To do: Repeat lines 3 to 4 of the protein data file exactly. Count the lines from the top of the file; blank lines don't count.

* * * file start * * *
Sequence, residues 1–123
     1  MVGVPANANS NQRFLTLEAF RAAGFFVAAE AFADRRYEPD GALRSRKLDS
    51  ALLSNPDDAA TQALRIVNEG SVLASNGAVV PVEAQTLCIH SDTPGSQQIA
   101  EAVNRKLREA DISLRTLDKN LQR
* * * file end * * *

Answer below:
    51  ALLSNPDDAA TQALRIVNEG SVLASNGAVV PVEAQTLCIH SDTPGSQQIA
   101  EAVNRKLREA DISLRTLDKN LQR